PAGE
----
Abogado Aly Recent Blog Post
While it may not come as a surprise, a large percentage of all car wrecks involve “driver distraction.” This has lead to the Texas State legislature moving to enact sweeping restrictions in this past year in 2017 that affects anyone using a cell phone while operating a car, truck, or other motor-vehicle.
The National Safety Council, in conjunction with researchers from the National Highway Traffic Safety Administration, estimates that over 50% of all fatal car accidents involved at least one driver who was distracted by their cell phone moments before the crash. These statistics are even higher among teenage drivers, prompting some in government to seek the designation of so-called “distracted driving” as a public health crisis.
What Is Different?
At what began in early 2018, Texas drivers (statewide) can expect to be pulled over and ticketed for sending or receiving text messages while driving. Furthermore, all drivers under the age of 18 are entirely prohibited from using any kind of wireless communication device while driving. Adult drivers, however, may still use cellphones through the use of a hands-free device.
School bus drivers, and certain operators of other heavy machinery, are also entirely prohibited from cell phone use regardless of age—particularly when they are engaged in the transportation of children. Further, all adults are restricted from any sort of wireless communication while driving through school zones.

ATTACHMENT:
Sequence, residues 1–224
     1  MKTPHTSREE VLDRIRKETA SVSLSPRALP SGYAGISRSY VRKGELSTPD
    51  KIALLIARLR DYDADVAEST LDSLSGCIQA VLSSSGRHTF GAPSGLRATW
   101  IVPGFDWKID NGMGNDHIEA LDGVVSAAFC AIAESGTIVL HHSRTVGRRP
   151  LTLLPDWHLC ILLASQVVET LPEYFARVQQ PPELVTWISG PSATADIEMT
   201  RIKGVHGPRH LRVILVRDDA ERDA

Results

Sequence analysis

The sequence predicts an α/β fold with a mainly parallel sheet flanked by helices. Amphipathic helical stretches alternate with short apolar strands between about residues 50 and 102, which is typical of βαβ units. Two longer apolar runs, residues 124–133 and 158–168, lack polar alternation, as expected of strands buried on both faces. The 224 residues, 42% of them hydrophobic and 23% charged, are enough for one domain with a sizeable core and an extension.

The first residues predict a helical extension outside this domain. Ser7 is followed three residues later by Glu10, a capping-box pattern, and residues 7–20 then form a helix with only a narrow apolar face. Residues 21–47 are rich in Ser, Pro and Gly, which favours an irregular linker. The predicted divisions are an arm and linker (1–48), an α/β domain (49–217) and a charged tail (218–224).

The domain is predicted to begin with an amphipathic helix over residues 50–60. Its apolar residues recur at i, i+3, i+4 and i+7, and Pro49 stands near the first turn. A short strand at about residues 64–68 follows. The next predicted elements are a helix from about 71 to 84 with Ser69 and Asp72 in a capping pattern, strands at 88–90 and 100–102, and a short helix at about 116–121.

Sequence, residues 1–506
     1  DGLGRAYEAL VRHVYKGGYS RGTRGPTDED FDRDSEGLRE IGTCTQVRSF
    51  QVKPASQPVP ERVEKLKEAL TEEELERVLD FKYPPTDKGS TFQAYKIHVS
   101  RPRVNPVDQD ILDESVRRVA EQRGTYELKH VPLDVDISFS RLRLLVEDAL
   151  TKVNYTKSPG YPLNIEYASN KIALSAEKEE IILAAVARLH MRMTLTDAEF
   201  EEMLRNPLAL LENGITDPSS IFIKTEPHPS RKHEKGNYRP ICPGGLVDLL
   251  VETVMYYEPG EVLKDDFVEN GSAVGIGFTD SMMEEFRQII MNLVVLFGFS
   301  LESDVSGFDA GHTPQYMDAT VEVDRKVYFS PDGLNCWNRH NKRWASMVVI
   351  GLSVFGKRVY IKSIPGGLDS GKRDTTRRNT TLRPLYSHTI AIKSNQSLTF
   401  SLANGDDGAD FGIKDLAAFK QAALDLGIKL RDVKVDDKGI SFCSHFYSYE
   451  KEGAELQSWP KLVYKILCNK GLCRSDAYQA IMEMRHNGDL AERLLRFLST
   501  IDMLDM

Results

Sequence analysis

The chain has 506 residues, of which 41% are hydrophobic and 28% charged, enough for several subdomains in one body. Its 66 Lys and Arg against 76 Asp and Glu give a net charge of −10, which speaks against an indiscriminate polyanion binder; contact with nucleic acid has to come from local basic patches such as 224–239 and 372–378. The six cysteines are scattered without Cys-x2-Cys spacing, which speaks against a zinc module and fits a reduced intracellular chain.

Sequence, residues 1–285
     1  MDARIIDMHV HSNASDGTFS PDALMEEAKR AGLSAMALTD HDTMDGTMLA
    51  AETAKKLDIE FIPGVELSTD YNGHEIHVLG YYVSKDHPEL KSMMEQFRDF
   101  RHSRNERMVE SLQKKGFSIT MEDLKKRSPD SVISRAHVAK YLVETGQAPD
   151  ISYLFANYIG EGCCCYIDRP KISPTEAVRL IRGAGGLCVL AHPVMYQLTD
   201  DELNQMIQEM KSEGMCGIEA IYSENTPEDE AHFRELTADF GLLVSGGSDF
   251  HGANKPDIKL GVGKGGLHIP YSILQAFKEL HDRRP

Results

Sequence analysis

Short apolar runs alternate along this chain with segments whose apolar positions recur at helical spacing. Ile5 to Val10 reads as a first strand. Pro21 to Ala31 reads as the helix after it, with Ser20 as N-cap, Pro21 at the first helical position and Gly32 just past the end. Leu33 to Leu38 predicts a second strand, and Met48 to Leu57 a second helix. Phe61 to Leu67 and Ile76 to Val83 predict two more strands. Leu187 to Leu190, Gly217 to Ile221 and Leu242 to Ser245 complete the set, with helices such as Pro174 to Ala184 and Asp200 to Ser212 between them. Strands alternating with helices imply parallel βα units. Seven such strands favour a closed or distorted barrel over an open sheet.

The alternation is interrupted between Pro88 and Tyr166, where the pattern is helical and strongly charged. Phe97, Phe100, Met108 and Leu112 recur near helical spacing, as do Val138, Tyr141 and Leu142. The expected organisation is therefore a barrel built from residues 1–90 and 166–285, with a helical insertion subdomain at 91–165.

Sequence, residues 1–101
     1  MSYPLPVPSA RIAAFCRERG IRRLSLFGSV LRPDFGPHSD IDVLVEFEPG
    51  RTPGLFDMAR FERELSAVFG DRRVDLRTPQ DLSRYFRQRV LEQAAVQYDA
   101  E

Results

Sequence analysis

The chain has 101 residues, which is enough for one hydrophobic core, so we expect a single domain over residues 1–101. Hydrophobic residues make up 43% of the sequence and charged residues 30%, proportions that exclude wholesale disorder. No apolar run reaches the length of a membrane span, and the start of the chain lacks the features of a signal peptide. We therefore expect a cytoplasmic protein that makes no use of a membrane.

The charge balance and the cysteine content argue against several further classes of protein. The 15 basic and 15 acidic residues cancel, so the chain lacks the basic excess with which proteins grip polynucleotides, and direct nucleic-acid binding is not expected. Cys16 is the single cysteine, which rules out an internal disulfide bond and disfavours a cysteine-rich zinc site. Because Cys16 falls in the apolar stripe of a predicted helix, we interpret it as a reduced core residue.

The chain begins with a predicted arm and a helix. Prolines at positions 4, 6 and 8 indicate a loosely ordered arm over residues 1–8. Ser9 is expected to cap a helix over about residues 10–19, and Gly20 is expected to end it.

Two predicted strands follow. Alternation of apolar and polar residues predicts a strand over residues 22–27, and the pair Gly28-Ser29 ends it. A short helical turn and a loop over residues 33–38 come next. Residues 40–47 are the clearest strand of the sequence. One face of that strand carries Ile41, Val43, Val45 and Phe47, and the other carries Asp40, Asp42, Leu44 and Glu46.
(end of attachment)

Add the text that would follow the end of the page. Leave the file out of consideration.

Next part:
And while the Texas State legislature has enacted these new restrictions, Texas municipalities have been free since 2009 to institute their own local regulations concerning phone use while driving—and in those jurisdictions in which the local rules either match the new legislation or exceed it in terms of punishment, those local laws will continue to control.
The New Consequences Of Texting and Driving
Fines for cell phone use while driving, exclusive of court costs and other fees, may be between $25 and $99 depending on what part of Texas a defendant is pulled over in. All tickets issued for distracted driving are misdemeanors, unless they involve serious injury or loss of life. Fines for repeat offenders could reach as high as $200 per ticketed instance of distracted driving, and distracted driving that results in injury or death could result in a criminal conviction resulting in up to 1 year in prison and a fine of $4,000.
In the end, Texans should take this Cell Phone Ordinance very seriously. It’s better to be safe than sorry. Not only are you putting yourself at risk when driving distracted by a cell phone, but you’re putting other drives and other passengers at risk as well.
from Abogado Aly Law http://ift.tt/2GTkB3L